GOAL has said the international community must remain committed to rebuilding Haiti 'for as long as it takes', following this month's devastating earthquake.
Chief Executive John O'Shea said aid workers in Haiti had been doing their best in difficult circumstances, but that the Caribbean country had to be completely rebuilt.
He also recommended that an organisation or body be appointed to officially co-ordinate the relief effort.
Earlier, Canadian Prime Minister Stephen Harper, who has been hosting international talks on the reconstruction of Haiti, said it would take at least ten years to rebuild the country.
Haitian Prime Minister Jean-Max Bellerive yesterday said the world must map out a long-term strategy, after meeting immediate needs for food, water, shelter and health care.
'I just want to say that the people of Haiti will need to be helped to face this colossal work of reconstruction,' Mr Bellerive told world officials including US Secretary of State Hillary Clinton.
Donor countries will hold a full conference on aid to Haiti at the UN headquarters in New York in March.
Two weeks on from the earthquake in Haiti, aid agencies say they are still dealing with a disaster on a scale they have never seen before.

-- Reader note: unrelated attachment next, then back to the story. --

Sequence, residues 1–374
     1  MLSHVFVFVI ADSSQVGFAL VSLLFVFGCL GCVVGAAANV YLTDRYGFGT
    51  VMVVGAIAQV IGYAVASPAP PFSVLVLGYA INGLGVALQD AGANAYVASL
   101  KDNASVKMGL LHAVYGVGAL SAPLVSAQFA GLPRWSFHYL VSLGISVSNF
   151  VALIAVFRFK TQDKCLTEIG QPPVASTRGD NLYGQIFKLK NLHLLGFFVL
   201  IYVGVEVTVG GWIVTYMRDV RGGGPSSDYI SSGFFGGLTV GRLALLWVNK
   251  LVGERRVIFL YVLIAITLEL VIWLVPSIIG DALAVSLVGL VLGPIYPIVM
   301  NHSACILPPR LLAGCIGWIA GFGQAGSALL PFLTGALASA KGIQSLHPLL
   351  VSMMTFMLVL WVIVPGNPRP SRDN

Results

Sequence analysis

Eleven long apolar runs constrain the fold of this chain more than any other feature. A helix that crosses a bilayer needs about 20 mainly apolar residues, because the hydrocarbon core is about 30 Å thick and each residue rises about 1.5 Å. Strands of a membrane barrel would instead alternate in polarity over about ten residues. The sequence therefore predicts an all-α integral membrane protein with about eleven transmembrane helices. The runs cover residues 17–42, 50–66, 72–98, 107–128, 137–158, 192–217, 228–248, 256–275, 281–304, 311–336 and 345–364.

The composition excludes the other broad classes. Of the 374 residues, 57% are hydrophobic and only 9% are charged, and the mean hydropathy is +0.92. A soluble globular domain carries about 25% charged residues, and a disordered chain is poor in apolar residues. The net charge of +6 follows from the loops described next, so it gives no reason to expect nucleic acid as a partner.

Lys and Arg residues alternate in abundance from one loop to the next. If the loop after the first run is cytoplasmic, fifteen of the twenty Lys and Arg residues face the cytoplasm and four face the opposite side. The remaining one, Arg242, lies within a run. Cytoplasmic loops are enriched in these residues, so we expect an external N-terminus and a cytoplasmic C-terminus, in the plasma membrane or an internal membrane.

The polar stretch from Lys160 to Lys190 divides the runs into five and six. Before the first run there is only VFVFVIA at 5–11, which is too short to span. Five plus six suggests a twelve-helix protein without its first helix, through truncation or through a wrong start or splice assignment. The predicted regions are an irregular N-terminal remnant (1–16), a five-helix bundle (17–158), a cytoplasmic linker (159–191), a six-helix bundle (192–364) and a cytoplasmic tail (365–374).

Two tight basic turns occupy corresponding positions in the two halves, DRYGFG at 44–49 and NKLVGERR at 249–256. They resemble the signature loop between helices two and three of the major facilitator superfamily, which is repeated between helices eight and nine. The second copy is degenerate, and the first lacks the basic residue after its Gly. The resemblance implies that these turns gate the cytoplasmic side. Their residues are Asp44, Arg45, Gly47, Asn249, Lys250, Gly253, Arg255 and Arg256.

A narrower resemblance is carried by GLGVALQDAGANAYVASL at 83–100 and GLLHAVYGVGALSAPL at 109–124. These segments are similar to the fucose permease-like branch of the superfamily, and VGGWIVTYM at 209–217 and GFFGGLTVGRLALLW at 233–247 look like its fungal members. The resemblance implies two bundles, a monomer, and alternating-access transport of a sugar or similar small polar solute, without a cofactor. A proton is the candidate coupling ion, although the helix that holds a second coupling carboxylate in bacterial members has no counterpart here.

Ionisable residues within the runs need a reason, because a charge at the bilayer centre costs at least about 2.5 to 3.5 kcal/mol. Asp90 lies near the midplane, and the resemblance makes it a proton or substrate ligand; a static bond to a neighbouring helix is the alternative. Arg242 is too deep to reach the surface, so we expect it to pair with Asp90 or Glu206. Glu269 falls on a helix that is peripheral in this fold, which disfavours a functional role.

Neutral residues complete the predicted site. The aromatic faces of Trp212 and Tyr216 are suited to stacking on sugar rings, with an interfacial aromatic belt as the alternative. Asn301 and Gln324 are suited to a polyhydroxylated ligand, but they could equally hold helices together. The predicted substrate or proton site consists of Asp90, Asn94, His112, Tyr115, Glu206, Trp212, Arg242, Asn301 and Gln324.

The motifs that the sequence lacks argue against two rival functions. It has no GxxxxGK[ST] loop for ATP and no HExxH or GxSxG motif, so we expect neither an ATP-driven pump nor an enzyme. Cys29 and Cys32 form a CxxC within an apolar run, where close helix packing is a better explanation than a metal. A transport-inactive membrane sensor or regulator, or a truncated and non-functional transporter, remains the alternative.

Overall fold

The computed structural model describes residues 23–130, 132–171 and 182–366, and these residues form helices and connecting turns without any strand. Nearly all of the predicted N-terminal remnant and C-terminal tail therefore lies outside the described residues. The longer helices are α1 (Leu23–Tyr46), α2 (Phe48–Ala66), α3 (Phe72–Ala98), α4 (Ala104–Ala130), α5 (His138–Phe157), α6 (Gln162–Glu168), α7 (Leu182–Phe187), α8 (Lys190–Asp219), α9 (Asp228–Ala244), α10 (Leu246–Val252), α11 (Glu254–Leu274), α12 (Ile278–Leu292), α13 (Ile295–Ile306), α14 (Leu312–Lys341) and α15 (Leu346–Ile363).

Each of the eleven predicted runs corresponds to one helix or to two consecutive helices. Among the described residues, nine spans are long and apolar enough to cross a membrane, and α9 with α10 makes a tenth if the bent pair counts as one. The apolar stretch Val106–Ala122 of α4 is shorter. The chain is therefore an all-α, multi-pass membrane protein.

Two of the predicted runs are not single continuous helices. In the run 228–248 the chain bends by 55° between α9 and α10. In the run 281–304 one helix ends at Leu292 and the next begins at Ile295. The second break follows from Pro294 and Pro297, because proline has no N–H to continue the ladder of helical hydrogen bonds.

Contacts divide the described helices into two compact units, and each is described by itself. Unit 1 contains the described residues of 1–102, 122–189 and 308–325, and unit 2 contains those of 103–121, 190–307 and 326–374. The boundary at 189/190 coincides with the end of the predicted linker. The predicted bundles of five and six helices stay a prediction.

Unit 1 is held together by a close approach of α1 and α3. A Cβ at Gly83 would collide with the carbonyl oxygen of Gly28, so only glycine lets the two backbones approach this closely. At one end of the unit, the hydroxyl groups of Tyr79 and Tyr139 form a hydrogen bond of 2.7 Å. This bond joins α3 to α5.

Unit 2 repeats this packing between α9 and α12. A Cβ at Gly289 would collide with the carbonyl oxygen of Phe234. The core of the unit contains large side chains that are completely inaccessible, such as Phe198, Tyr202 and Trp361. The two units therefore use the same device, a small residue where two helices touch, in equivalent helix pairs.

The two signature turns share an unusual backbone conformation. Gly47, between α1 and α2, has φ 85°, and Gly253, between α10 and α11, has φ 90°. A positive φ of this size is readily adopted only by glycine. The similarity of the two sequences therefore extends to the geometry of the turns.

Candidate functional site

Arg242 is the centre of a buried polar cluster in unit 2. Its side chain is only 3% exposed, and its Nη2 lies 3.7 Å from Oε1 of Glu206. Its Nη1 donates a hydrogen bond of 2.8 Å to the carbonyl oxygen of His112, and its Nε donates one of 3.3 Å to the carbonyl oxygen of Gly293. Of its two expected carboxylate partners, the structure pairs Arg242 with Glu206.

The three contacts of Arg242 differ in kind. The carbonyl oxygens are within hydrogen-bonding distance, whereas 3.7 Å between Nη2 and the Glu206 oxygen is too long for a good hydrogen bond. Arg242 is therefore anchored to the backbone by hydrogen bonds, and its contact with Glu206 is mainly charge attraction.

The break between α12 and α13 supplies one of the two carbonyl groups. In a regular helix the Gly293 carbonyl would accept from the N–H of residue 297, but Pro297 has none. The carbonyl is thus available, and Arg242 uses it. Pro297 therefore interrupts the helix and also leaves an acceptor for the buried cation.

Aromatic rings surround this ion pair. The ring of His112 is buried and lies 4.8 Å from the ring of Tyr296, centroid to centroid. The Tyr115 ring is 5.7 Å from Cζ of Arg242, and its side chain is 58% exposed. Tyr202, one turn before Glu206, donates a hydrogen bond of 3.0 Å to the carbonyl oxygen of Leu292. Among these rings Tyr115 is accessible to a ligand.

Aid is slowly making its way to people displaced from their homes, but many complain they need water, food and sanitation.
In some areas families whose homes stayed standing in the earthquake continue to sleep under homemade shelters.
They say they are afraid to stay inside at night and it is not safe to sleep in their homes.
The UN says 200,000 tents are needed before the spring rainy season arrives, and it is estimated that 800,000 need shelter.
An international task force hopes to repair the main seaport in Haiti's quake-stricken capital enough to handle 700 shipping containers a day by mid-February.
However, meeting that target will depend on the delivery of equipment to supplement the damaged pier, US Navy Admiral Sam Perez said in an interview at the port.
'We have to bring everything from the bulldozers to the people to the showers to the tents,' he said.
Cargo will continue to be unloaded onto the remaining pier while repair work continues, probably for the next 10 to 12 weeks, he said.
The pier is now handling about 30% of its pre-quake capacity.
If pushed, it could unload 200 to 250 containers a day, but debris is limiting the size of the ships that can enter the port.
Repairing the port is essential for both delivery of aid needed to help earthquake survivors and rebuild the country, but also for the resumption of commerce necessary to get Haiti's economy moving again.
Few shops are in any condition to reopen and most business is conducted street-side as vendors sell fruits and vegetables, charcoal, shoes and clothing obtained locally.
Archbishop of Dublin Diarmuid Martin has said that there will be a special collection for Haiti at all masses in the diocese on 6 & 7 February.
He added that any surplus money remaining after earthquake relief work will go to support parishes and religious institutions which have been destroyed in the disaster.
Elsewhere, the Hope for Haiti Now benefit raised an estimated $61m (€42m) for Haiti last Friday.